[00:03:48] Mandi Walls: Yeah, you can funnel data places. It has exporters. You can run it in JSON and collect it yourself or you can hook it into some of our other products that allow you to sort of centrally manage it. It gives you a variety of ways to like if there’s a new vulnerability you can push out a new test and just sort of automatically collect information back off of your estate to say, “All right. Well, now I know this thing came out yesterday.

Here is how I tested it. I know that 45% of my fleet is vulnerable to this,” and you can sort of schedule from there what you want to do to remediate that. It gives you a lot of faster ways of implementing a security check across stuff at that sort of level.

[00:04:25] Guy Podjarny: Got it. So, I have a whole bunch of tangents of like thoughts to take down with questions. Let’s try to sort of shoot then down one at a time. First of all, maybe let’s sort of back to maybe the value propositions. What types of questions? Now you have this sort of new data perspective at your fingertips, and you mentioned one example, which is you want to answer what vulnerable component or what component where might it be present.

I guess can you give us maybe some other examples of what’s done there, and in general, do you see this as more kind of more inspection or more action or am I even asking the right question?

[00:04:59] Mandi Walls: Yeah. We’re kind of like – It partners really well with configuration management software such that you can establish a baseline and then work towards fulfilling that baseline. Kind of like you can sort of take a test-driven development approach to it. Say, “Here’s my security requirements based on these tests,” and it functions the spec part of it. The name kind of gives it away a little bit. It’s based off of like spec testing from Ruby in particular, right? Something like RSpec, which gives you this sort of predictable behavior-driven sort of test model where I can say, “I want this package to not be installed or I want this service to not be running,” and you can sort of push that stuff all out across all of your platform.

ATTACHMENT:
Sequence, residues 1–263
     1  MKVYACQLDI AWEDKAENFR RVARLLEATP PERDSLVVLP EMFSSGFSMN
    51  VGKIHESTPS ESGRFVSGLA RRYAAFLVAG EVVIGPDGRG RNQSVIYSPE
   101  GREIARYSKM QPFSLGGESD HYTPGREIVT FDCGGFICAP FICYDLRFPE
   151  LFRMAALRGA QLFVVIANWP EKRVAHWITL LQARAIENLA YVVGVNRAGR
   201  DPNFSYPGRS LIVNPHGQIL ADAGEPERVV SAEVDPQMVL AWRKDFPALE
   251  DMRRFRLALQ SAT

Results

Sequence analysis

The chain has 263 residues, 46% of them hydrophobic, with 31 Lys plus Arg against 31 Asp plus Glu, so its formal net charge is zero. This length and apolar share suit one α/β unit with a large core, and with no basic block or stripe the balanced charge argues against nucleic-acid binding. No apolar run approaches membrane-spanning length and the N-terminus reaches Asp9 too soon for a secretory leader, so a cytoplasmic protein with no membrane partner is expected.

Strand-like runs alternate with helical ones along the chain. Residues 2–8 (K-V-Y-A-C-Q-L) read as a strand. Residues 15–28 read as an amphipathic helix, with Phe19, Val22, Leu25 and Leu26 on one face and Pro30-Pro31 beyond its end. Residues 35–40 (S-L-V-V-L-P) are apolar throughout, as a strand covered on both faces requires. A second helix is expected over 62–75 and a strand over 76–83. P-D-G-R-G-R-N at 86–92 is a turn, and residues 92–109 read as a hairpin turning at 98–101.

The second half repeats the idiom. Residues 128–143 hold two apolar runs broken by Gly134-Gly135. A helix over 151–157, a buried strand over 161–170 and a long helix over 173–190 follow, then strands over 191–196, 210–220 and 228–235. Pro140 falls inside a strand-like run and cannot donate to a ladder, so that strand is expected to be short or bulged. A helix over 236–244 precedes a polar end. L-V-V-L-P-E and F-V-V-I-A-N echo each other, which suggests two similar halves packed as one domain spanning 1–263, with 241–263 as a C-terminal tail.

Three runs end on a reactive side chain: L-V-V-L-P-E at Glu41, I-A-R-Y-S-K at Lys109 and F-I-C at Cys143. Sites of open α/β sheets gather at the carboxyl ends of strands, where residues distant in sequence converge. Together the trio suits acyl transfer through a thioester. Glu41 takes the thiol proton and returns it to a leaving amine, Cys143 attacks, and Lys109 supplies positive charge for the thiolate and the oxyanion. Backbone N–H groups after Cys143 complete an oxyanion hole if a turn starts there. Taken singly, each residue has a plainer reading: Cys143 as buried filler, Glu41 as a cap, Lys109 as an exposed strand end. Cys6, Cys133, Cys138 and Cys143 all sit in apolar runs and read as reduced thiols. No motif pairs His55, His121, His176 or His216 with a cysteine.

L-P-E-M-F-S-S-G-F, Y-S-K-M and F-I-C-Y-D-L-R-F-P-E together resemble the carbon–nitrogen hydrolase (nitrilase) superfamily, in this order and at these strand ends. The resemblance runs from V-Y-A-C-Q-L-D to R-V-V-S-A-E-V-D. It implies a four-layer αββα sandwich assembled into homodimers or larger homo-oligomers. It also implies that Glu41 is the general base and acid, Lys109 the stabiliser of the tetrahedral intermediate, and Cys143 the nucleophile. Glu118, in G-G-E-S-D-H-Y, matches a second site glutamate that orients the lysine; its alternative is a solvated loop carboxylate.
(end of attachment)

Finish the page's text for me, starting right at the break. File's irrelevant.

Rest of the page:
It gives you that sort of capability to say, “Here’s my baseline. Whether I am working against the CIS profiles or NSA profiles,” or any of these sort of recommendations that when you look at them, they’re massive pieces of information, like CIS for Rails, like 500 pages of PDF and like distilling that down into code that my security engineers understand it. It fulfills their requirements. I can put enough comments in it, do descriptions that my compliance people who may not necessarily be as technically savvy, like their job is more on the compliance side, they can figure out what’s going on there. Then my operations folks, my DevOps, my developers and other engineers can say, “All right, I can see what this is doing, what it’s testing against, so I know I can’t violate these particular sets of rules.”

It gives sort of everybody one place to document and have their sort of requirements met in one set of tools and I can save them on GitHub and I can pass them around and people can consume them whenever they need them. In that way, it gives you sort of unified but a very flexible approach to the infrastructure layer by the way.